“Sir, we have several plans in motion. We have a path-finder of our own on the way up to Tartarus, he’s expected there in 24 to 36 hours. Once he’s in place, we can portal a deceased special forces team to his location and they’ll position navigation beacons to home a B-1 strike in. They’d devastate the area. As a back-up we have a British special forces group ready to go in. If the B-1s can’t do the strike, they’ll do a ground raid. We have a B-1 searching for Tartarus as well, if our pathfinder can’t get through, she’ll find Tartarus, eventually. We have time Sir, we believe that it will be a week or more before Belial manages to get set up for a third strike. One of our options will be in place by then.”

“Not good enough, what do we do now?” Bush’s voice was dogmatic and a little petulant.

“We can hit Dis with an air strike, the B-1s won’t be able to hit Tartarus for days, we can let them loose on Dis. With conventional bombs of course. We have a nuclear strike plan, we can adapt it for a conventional bombing strike. That’s about our only serious option right now.

“In the meantime, we have to think about limiting the disaster we have in hand. We have a couple of options there. We have a prototype device that is designed specifically to close portals. This prototype is too large to be carried by an existing bomber but we do have a different alternative. We have old C-54s we’ve pulled from the boneyard and we can refit one to carry that prototype device. The original plan was to use a Britannia and target the Sheffield portal but that’s run a long way out of steam now, the vulcanologist believes it’ll run dry in a day or less. We can test out our new device in Detroit instead.”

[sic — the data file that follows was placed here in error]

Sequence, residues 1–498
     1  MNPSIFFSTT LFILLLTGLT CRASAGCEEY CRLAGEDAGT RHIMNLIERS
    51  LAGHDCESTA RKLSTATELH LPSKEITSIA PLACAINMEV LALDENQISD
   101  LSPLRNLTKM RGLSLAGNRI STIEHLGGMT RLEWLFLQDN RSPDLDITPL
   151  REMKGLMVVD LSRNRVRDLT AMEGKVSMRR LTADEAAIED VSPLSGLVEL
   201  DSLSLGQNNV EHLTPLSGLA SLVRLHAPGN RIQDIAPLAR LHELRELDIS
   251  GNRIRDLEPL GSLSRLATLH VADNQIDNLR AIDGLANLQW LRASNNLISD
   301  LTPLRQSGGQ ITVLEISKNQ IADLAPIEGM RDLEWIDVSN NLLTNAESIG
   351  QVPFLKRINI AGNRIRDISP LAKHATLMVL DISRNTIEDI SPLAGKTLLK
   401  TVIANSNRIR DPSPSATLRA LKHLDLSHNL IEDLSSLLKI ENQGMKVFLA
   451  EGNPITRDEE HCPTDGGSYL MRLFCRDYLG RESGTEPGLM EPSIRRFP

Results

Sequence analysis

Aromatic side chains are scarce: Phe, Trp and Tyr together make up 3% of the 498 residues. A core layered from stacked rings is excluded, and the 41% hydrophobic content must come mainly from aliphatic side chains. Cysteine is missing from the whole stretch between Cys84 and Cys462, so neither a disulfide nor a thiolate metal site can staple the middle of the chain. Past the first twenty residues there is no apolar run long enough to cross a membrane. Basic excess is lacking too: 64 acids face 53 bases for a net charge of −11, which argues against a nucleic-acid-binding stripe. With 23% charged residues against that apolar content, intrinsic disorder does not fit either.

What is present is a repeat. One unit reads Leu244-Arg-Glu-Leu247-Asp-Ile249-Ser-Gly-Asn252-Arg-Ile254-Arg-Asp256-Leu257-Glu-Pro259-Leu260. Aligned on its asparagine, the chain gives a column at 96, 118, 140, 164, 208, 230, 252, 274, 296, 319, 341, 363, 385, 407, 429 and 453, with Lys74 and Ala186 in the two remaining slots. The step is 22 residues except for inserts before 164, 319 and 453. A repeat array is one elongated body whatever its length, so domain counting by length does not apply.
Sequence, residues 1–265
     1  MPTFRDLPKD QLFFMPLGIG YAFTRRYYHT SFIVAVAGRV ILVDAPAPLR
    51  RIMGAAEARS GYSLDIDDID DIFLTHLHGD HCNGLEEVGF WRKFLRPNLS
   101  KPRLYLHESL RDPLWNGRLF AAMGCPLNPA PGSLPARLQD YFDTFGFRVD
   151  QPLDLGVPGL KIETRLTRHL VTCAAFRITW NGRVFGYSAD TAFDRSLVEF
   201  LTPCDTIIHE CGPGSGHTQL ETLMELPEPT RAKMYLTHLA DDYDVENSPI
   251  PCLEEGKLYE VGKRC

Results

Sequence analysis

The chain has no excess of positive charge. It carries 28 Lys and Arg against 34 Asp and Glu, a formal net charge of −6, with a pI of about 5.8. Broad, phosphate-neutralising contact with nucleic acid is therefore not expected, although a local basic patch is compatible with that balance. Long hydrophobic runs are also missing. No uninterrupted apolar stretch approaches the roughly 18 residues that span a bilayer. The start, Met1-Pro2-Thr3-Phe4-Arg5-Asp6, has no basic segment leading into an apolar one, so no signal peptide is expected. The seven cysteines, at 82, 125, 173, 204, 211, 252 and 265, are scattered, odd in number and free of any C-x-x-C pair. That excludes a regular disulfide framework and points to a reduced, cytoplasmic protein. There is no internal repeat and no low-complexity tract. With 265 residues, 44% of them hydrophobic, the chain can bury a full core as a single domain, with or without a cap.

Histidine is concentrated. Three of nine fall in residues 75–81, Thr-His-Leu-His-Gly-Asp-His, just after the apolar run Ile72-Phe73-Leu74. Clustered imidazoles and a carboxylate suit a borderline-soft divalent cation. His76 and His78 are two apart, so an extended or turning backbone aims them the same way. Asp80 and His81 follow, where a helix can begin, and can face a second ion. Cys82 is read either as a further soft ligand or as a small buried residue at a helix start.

“There’s another thing we can do.” Doctor Surlethe’s voice was clinical. “We can deprive the baldricks of their own navigation beacons. I propose we test the entire population for the Nephilim genetic ancestry and quarantine those carrying it in isolation camps until the war is over.”

There was another stir in the room, this time of anger. In one corner, Karl Rove leaned back in relief, somebody else had made a political error of grade one levels. Secretary Kempthorne was the one who took up the cudgels though. “And we know what to look for do we?”

“Well, we will, after some investigations.”

“And then you propose to place people in indefinite confinement without them having committed an offense on the vague off-chance that a baldrick might use one of them?”

“Better that than an incinerated city.”

“Even though we already know that wearing tinfoil hats offers complete protection against mind entanglement?”

“But there are a few people out there who won’t. There are always eccentrics who deny that the tinfoil hat is absolutely essential to prevent baldricks taking over their minds.”

“And you want to indefinitely jail an unknown number of people, possibly millions, because one or two might refuse to wear their hats?”

“Well… Put like that…..”

“And that’s how it will be put ladies, gentlemen, Karl.” Rove winced, he hadn’t been forgiven after all. “We will make it a legal requirement to wear a tinfoil hat and enforce it. But there will be no mass detentions. We did that in 1941 and the stain is with us still. Thank you, we will have another meeting in six hours time when we can get some of the rest of the world in with us. Karl, Dr Surlethe, I wish to speak with you privately.”

There are 550 million firearms in the world, enough for one person in twelve of the world's population. The moral dilemma that faces us is how to arm the other eleven.

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PostPosted: Sun Jun 26, 2011 3:08 pm 
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Indian Air Force Jaguar-IS “JM-414” Over the Southern Front, Phlegethon River Bulge

Statistically (as confirmed by the Federal Aviation Administration) 80 percent of cockpit voice flight records recovered after aircraft crashes, end with the words ‘Oh ****.’ The speaker may have been the pilot or the co-pilot (or, it is rumored, in some cases the aircraft itself although this possibility is denied, derided and generally rejected) but the ultimate words remain the same. So, Flight Lieutenant Anuradha Mehta’s exclamation when a wyvern came out of nowhere and removed her Jaguar’s entire vertical fin and rudder assembly was entirely in accordance with tradition. It was no consolation when the Wyvern almost thereafter immediately had a terminal encounter with a U.S. Navy F-18E and gone down after taking two hits from AIR-120 rockets and a burst of 20mm cannon fire. The fact was that JM-414 was going into a flat spin and there was nothing Mehta could do about it.